Joykiller is next; it’s tempting a taunting incitement as it dives under the skin, its physical animation agile and effervescent though again every aspect is bound in tenebrosity ensuring the senses feel like they are being stalked. Magnetically minimalistic yet rousingly spirited, the track proved swiftly and increasingly irresistible, an inexorable enthralment which is echoed in the far more feral Lovebites. Darker and more intense than its predecessor, it brings the Krautrock-esque side to the band’s sound to the fore, its oppressive stroll draped in menace and rhythmic molestation. That relentless hounding is ridden by the just as intimidating tones of Lintern, her threat bound in captivation and like the sounds boiling up to eruptions of senses ravening trespass.

Already the album has staked its claim for Das Fluff’s finest moment yet, the following One Day, with its rhythmic momentum akin to colliding atoms within another electronic kaleidoscope of suggestion to match the tones of its singer, and Anno 64 straight after only escalating the strength of that declaration. The stunning second of the two is a crepuscular seduction; its beauty and elegance swathed in caliginous melancholy as Lintern casts her own shade bound vocal radiance.

Lazers and Pills sizzles on the senses from its first breath, its electro rock heavy yet again pure temptation even as rhythms stalk and guitars and electronics frequent the darkest realms of their enterprise while Sad Fuck taunts with a more electro punk seeded demeanour with a psychotic edge to its otherwise relatively controlled agitation.

Over is a dark serenade, Lintern an arcane seductress within its noir lit midst, though its jazzy swing feels more reflective of a twisted nursery than a smoky lamplight lit club. It is another song which simply beguiled; the singer a siren and the sounds around her sinister wonder as it placed its own firm hand on favourite track though Apocalypse immediately had its claws out through its dystopian trespass, one brewed in an inescapable landscape of impending destruction. Even so again there is an inherent delirium to its dark rapture which effortlessly seduced.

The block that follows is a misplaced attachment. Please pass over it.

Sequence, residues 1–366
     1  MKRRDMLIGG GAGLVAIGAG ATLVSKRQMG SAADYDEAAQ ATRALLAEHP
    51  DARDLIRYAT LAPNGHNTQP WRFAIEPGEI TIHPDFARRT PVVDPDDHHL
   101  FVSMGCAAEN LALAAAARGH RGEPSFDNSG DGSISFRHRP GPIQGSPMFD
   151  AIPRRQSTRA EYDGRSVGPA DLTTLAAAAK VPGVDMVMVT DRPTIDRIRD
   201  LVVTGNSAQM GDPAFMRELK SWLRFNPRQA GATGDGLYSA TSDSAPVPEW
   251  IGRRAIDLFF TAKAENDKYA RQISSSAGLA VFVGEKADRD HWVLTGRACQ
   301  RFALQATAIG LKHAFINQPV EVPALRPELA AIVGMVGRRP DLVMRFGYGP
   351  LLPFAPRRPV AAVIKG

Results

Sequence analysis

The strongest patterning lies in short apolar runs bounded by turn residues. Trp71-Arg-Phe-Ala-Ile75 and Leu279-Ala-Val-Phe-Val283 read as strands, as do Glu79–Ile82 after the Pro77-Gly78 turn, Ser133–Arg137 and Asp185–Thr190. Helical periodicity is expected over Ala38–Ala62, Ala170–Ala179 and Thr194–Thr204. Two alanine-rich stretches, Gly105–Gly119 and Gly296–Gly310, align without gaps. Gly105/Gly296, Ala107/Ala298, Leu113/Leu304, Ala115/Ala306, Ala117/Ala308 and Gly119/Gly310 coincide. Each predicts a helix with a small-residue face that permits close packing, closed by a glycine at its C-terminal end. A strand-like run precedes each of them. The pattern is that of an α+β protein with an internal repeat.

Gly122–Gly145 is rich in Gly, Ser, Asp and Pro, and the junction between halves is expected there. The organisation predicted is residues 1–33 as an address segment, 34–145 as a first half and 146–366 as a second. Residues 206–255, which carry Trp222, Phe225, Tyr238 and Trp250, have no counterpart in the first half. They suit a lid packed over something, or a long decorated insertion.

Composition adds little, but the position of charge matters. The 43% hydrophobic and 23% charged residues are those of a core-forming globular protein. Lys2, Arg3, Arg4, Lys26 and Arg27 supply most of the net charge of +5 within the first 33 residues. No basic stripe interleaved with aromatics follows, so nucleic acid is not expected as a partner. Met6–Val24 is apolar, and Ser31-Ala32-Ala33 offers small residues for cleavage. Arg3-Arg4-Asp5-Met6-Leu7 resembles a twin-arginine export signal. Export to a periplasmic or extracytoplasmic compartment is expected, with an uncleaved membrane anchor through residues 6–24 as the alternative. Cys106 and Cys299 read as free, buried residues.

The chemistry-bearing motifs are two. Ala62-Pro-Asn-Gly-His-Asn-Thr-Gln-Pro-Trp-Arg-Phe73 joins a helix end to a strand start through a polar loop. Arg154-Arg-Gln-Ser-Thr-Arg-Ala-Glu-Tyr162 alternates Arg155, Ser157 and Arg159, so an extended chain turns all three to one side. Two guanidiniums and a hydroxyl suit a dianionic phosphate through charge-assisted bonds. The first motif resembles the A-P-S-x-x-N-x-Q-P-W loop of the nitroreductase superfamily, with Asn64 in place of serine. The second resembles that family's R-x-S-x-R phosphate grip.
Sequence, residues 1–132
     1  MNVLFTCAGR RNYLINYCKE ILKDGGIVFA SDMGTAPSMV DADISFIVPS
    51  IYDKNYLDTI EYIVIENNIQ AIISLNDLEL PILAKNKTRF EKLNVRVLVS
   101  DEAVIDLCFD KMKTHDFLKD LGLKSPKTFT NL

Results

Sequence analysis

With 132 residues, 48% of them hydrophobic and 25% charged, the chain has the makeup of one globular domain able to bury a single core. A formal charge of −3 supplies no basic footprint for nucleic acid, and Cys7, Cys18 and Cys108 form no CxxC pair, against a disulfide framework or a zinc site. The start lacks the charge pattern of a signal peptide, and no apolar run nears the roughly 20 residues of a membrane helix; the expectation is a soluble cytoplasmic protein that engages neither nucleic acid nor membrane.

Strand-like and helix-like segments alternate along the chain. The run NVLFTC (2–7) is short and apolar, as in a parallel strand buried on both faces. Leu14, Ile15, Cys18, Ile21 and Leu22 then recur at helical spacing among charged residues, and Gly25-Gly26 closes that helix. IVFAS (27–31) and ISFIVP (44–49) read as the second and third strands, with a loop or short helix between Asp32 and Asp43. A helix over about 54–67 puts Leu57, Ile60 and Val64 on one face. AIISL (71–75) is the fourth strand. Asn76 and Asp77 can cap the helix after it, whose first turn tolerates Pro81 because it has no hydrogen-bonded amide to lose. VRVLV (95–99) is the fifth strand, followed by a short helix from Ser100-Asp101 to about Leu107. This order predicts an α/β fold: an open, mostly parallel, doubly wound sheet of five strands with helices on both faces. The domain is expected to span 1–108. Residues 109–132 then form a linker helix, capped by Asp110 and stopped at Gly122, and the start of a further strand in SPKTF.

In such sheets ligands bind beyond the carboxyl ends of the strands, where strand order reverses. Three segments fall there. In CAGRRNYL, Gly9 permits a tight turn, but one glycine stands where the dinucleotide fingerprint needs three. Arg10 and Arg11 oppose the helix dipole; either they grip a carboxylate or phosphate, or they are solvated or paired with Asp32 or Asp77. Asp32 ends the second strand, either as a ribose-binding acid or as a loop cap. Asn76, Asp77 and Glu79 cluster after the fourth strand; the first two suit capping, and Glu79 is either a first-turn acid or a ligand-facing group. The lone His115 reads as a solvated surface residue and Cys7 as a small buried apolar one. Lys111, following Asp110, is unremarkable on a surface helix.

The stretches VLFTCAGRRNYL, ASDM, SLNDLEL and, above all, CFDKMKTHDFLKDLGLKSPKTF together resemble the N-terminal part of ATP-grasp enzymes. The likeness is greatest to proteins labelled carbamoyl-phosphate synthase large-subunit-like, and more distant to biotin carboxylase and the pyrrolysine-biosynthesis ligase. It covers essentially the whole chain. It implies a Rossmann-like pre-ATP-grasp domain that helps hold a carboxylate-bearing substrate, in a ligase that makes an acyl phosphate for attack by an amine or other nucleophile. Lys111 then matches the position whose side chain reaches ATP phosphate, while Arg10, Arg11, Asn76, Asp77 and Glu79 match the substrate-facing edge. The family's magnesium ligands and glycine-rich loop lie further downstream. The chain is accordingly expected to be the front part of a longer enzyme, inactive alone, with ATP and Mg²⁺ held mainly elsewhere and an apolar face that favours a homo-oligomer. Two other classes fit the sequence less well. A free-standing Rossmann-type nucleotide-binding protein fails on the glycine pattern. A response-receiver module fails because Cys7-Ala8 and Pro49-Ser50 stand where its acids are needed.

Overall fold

Ears and imagination again could not escape the romance of the dimly lit ballad Wake Up, vocals and sounds a snare of radiance in the song’s somnambulistic serenade with the industrial breath of Time Machine straight after a post punk bred waltz of simple yet intense intimation, the writing of Lintern alone a book of suggestion.

The final pair of Thee and Out of Time bring the album to a thrilling close, the first again intense in every breath and touch as its rich theatre of sound and intimation calls like a thick clutch of peril bearing sirens, Lintern the dark Queen at the centre. The last track is simply captivation; its skeleton a slim nagging bassline and flesh the poetic tones of Lintern with just sighs of electronics to wrap the minimalistic wonder. Bauhaus like in its darkness, the track is another moment of sheer beauty to leave ears so greedy for more.

Rarely in recent times, if ever, have we been beguiled as fully as we were with Maximum Damage, a release which Das Fluff will have to go some to top and one which should thrust the band to the wide spread recognition it declares they deserve,

Maximum Damage is released September 14 on Sohappymusic digitally and on CD with pre-ordering available from September 2nd @ http://dasfluff.com

The band will also be live-streaming a FLUFF TV special on September 2nd (8pm BST / 21.00 CEST) from their Facebook page @ https://www.facebook.com/dasfluff/

 Pete RingMaster 21/08/2020

Copyright RingMasterReview



Categories: Album, Music

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1 reply

  1. Thank you so much for this extraordinarily wonderful review – with heartfelt thanks from Das Fluff.